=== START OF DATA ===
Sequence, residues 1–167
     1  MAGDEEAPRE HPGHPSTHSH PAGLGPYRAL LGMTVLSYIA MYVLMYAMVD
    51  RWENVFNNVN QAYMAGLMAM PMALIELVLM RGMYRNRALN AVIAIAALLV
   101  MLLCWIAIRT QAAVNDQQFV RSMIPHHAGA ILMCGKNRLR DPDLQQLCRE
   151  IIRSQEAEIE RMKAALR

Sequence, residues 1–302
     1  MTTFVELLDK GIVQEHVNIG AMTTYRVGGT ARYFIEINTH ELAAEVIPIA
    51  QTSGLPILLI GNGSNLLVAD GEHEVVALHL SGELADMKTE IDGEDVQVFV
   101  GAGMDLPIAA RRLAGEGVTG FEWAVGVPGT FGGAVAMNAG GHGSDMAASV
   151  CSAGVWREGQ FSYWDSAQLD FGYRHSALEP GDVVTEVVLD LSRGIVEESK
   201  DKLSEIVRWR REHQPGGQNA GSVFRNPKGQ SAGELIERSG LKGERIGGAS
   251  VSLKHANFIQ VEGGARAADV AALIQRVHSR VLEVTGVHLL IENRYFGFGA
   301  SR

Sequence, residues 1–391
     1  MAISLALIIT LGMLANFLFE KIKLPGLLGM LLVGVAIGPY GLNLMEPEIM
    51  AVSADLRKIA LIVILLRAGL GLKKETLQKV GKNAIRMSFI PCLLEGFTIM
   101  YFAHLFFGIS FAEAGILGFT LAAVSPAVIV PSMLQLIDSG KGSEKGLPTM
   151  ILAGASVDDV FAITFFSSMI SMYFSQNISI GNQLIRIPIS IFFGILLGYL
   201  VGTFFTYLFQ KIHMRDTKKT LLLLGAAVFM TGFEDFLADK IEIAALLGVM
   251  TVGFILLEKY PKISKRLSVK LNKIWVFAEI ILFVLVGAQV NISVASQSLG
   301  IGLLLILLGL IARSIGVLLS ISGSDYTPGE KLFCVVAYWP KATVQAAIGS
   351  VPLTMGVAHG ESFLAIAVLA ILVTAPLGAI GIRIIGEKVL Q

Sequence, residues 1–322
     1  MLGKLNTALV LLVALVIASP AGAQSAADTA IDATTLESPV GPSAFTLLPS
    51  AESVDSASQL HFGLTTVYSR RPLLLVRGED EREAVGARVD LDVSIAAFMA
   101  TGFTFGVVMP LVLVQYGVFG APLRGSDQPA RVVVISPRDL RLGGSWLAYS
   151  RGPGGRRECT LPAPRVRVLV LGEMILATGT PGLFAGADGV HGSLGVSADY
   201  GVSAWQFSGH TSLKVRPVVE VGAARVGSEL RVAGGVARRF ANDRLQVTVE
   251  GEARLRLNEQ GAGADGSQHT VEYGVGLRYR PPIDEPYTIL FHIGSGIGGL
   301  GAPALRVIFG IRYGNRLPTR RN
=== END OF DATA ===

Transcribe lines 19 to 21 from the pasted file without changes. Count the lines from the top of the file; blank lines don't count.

   201  VGTFFTYLFQ KIHMRDTKKT LLLLGAAVFM TGFEDFLADK IEIAALLGVM
   251  TVGFILLEKY PKISKRLSVK LNKIWVFAEI ILFVLVGAQV NISVASQSLG
   301  IGLLLILLGL IARSIGVLLS ISGSDYTPGE KLFCVVAYWP KATVQAAIGS